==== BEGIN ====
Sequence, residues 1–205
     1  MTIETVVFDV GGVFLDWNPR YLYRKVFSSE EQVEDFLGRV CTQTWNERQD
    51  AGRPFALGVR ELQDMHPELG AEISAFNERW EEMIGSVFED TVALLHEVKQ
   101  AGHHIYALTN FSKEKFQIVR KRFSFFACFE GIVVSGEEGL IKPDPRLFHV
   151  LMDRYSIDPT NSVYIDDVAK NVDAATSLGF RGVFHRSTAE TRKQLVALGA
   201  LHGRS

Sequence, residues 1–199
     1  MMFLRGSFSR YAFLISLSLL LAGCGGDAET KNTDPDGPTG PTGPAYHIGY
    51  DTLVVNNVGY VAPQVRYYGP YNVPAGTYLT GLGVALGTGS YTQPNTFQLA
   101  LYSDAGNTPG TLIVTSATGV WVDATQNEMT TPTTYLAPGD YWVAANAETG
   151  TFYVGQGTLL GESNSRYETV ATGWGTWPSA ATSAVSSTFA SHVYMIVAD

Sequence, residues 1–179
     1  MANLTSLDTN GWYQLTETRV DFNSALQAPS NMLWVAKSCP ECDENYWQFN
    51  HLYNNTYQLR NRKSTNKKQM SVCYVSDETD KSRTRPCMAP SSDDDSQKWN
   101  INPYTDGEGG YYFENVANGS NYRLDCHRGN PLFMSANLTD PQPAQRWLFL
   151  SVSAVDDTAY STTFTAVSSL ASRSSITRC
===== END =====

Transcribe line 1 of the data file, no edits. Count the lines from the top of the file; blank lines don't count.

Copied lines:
Sequence, residues 1–205